Bost states resolutely that, “digitalizing would also be unable to capture the multidimensionality of coffee stains or the effect of reading a document printed while the ink was running out” (618). These examples, though, are the ones that would gain a lot from being digitized. These materials, coffee stained, bent, folded, faded, etc. could be photographed and then the ones with print could be paired with a new digital write up of what the original says. This would offer, at least, the electronic experience of seeing the original material, and when that’s hard to see/understand on a screen there would be an option to read the plain text word document that would accompany the original. In fact, Sum Wai Yuan Hedren conducted a study that looked at the range of formats that could be used on material and digital aspects in order to put them in a digital archive. 
            Hedren explains that he aims to “explore an approach on how digital assets from an interdisciplinary research project can be captured, preserved and (re)presented in a form of a digital archive,” and then he explains, “it also explores how digital archive contributes to knowledge transfer of the research outcomes” (1). Hedren details the plethora of online tools that are available to aid the process of digital archiving, and he provides a database, DiRT Directory, that links them all. He understands there is an issue with “multi-format entities” so he is proposing a solution to the atypical websites that house archives (1). Hedren proposes a:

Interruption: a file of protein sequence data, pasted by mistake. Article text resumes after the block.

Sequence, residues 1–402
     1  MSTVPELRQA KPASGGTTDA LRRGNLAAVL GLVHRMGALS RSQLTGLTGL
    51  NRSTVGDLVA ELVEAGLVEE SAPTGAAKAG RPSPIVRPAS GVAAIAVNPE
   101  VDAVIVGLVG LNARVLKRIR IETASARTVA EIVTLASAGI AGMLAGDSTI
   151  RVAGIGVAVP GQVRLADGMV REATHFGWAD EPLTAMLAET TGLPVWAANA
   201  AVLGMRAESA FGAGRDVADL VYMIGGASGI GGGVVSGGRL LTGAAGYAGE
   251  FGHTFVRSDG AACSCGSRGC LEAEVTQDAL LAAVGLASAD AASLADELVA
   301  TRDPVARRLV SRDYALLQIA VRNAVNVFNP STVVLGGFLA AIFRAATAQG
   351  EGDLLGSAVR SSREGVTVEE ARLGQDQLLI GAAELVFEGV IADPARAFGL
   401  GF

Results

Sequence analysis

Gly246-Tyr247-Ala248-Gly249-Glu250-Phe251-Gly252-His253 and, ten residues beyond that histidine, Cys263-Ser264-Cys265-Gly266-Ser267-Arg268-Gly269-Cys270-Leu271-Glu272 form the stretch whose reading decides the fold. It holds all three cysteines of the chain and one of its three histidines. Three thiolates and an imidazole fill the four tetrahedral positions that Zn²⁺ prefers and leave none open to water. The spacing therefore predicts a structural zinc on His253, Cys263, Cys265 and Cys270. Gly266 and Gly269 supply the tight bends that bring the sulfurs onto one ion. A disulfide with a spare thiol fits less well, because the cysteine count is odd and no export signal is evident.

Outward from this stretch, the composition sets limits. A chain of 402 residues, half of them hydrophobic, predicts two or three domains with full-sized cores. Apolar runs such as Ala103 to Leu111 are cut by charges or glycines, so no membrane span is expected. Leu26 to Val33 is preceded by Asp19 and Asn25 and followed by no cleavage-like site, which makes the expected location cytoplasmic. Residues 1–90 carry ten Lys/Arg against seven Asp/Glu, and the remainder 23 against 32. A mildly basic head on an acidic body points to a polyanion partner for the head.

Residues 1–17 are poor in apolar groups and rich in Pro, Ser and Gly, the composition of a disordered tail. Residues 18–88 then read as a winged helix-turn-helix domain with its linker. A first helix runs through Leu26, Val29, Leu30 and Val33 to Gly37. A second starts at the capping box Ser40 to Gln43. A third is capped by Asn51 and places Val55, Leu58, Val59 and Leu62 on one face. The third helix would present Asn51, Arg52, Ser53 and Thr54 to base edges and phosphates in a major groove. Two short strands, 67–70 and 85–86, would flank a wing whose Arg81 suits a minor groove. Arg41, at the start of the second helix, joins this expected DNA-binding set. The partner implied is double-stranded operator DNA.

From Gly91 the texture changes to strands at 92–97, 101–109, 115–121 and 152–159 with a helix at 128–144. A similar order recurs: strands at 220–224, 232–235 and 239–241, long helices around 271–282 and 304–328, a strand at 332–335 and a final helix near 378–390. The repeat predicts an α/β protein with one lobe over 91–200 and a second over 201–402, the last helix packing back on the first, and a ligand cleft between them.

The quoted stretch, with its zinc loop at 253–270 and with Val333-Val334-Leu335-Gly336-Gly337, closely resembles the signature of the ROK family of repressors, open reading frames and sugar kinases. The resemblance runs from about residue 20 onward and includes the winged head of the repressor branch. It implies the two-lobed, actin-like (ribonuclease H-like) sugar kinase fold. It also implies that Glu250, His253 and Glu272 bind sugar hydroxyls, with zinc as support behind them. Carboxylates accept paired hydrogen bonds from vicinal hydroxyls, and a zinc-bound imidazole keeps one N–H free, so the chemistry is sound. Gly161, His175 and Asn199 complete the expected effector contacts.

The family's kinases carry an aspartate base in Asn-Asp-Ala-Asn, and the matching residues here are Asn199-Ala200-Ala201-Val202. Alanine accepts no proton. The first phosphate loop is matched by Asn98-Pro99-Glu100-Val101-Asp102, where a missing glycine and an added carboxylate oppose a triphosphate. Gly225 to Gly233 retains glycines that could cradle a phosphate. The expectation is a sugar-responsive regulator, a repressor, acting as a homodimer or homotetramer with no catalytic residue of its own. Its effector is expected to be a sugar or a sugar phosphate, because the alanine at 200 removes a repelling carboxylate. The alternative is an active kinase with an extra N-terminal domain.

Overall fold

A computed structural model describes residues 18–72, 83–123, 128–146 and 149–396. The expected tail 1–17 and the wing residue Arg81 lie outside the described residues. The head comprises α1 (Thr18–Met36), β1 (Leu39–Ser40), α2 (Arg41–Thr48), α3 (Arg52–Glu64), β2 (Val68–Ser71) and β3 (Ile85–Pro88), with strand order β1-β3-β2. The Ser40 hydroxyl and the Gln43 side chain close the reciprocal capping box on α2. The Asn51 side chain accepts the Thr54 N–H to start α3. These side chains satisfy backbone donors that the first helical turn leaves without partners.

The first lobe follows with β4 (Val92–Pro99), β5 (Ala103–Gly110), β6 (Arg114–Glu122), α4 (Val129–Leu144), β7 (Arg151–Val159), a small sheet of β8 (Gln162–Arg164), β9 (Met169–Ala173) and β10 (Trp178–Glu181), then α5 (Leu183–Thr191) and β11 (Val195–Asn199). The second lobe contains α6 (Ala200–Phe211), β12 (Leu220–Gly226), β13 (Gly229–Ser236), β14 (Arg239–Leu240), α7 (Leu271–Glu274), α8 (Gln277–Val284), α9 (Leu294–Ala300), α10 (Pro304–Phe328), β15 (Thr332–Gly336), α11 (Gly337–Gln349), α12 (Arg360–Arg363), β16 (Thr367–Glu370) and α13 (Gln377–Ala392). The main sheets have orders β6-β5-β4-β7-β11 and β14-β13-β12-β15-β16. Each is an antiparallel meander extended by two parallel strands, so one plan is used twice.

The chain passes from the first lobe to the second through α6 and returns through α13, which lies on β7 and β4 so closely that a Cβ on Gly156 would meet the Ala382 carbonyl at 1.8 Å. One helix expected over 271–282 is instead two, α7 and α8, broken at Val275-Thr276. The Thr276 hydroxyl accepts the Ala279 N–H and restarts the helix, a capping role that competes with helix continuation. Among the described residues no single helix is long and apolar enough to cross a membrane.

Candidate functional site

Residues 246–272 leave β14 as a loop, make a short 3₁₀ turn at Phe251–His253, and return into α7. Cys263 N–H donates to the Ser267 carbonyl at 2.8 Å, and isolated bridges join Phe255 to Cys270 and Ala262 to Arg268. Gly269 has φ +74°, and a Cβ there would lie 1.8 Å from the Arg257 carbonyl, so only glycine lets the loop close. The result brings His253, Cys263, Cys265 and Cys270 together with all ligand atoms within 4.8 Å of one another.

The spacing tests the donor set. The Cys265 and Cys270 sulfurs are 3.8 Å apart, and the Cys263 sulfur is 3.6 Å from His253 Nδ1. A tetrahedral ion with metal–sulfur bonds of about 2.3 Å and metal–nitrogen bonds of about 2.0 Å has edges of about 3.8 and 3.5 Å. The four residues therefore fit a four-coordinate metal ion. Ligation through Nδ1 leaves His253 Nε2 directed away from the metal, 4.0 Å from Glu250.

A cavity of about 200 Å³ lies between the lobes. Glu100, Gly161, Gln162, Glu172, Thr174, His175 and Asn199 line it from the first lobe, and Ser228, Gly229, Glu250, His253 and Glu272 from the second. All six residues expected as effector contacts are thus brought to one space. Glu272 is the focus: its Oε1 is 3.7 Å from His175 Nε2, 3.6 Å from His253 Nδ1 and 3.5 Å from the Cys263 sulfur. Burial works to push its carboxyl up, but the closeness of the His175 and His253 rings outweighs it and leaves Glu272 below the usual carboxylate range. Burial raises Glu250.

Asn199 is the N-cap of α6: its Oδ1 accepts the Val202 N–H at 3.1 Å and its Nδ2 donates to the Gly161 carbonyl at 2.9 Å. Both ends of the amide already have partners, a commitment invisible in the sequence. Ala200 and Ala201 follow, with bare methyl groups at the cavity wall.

design of the digital archive [that] is constantly evolving…Customized interfaces allowed dedicated views to be created for different types of digital asset to suit specific viewing needs. The varying formats, such as videos, images and publications, were presented using a mash-up of digital tools to optimize viewing experiences…As the content in the digital archive grows, added emphasis should be placed on relationship among content and people, such as creating thematic paths between different digital assets, developing researcher profiles to consolidate research contributions and impact, and creating new ways to explore research content using information visualization techniques. (3)
What Hedren has proposed and come up with in this study is a creative way to digitally archive, well, physical materials in existing archives. As he mentions in the passage above, there are digital tools that can be used in order to really create the experience that you want for the viewer. The creator of the archive could choose thematic elements to incorporate into the digital archive that would imitate some of the physical experiences that researchers have had. For instance, both Anzaldúan scholars mentioned earlier had experiences with materials slipping out of folders. The digital archive could realistically function in the same way. When you open a folder online it could flip open and randomly drop the contents to the bottom of your screen, then the researcher would have a similar experience reordering all the pieces they are presented with.